UBC claims fifth-place at ArcelorMittal Dofasco CIS men’s basketball championship with win over Ottawa

UBC claims fifth-place at ArcelorMittal Dofasco CIS men’s basketball championship with win over Ottawa

VANCOUVER (CIS) – When the UBC Thunderbirds opened the 2016 ArcelorMittal Dofasco CIS Men's Basketball Final 8 earlier this week, Saturday was supposed to be about punching their ticket to the national final.

But after a 109-101 overtime loss to the No. 1 Ryerson Rams Thursday in the quarter-finals, Saturday ended up being about making the most of a game with fifth-place on the line, instead of a chance at first.

And that's what the Thunderbirds did, earning a 93-76 win over the Ottawa Gee-Gees in the consolation final at Doug Mitchell Thunderbird Sports Centre.

"We exerted so much energy in that first game emotionally and physically. I was really worried about it until I went into the change room and saw how excited the guys were. I've never seen a group of guys so excited to play a fifth-sixth game in my life, but as a coach you're pretty happy when that happens," said UBC head coach Kevin Hanson, whose team played less than 24 hours earlier against the McGill Redmen in the consolation semis.

Much like they did in their quarter-final game against the Rams and consolation semifinal against McGill, UBC played the role of frontrunner, trailing Ottawa for just 3:17.

"I said to the coaches as we walked in today it seemed like such a long time from the start of today's game...(to) when we played that game against Ryerson," Hanson pointed out. "Certainly we would've loved to have had the opportunity to play with our home crowd and make this a special event, but our alumni and donors…everybody said they were proud of this team."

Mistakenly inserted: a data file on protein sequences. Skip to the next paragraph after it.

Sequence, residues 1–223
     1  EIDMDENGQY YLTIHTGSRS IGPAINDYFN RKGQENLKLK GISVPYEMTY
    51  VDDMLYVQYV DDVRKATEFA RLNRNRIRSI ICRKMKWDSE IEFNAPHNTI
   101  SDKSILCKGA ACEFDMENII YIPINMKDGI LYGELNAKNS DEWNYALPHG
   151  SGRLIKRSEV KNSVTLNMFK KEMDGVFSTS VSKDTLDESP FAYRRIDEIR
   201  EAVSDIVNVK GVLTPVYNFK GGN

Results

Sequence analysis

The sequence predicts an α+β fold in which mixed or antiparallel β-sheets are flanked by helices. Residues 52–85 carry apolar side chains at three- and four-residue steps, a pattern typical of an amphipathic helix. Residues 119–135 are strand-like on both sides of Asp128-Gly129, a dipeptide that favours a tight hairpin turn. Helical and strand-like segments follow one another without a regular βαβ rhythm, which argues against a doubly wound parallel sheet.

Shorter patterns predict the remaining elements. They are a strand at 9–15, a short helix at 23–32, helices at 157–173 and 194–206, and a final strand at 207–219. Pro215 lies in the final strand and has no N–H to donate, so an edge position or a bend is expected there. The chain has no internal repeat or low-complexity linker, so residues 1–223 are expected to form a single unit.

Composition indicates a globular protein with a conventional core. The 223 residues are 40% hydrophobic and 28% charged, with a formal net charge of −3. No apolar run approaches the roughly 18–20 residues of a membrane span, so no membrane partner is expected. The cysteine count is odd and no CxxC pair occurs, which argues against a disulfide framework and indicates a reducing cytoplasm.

"As far as I'm concerned, that was a very successful year for us. We're very happy."

Leading the way Saturday for the hosts, who welcomed the Final 8 back to Vancouver for the first time since 1972, was Conor Morgan, who netted a game-high 25 points and added eight rebounds.

Saturday proved to be somewhat of a bittersweet win for the T-Birds, who couldn't help but wonder what might have been during a tournament in which they trailed for a grand total of just 4:37 during 120 minutes of regulation time.

The game was David Wagner's last as a T-Bird, as the host's lone fifth-year player went out with a victory and plenty of pride.

"I hope I taught the young guys some stuff that they'll carry through their careers and I'm really excited to be a part of this program, even when I'm not a part of this program," Wagner said.

For Ottawa, playing on the consolation side of the bracket wasn't without its challenges following back-to-back trips to the national final and expectations entering the tournament of a third shot at toppling their rival Carleton Ravens.

"The committees and things always go back forth about whether or not they want to have these games," said Ottawa head coach James Derouin when asked about the difficulty of playing on the consolation side.

"It's difficult for these guys to play. I mean, you might get one game out of them, but to play another game, it's challenging for young people who came here with one goal. I've been there as a player and I know how hard these games are to play for both teams."

Adding to the difficulty for the Gee-Gees was Mike L'Africain's absence, as this year's CIS player of the year was sidelined with a knee injury sustained during Ottawa's quarter-final loss to Dalhousie.

"You can't repeat this environment. The gym, the lights, the stadium, the leadup – all that stuff," Derouin pointed out when asked about giving his youngsters a bigger taste of the Final 8 instead of giving several veterans more time.

"Losing the player of the year isn't easy to recover from, but I thought our guys did a great job. They competed in both games and against two Final 8 teams without the player of the year. I'm extremely proud of them and I think the future looks great."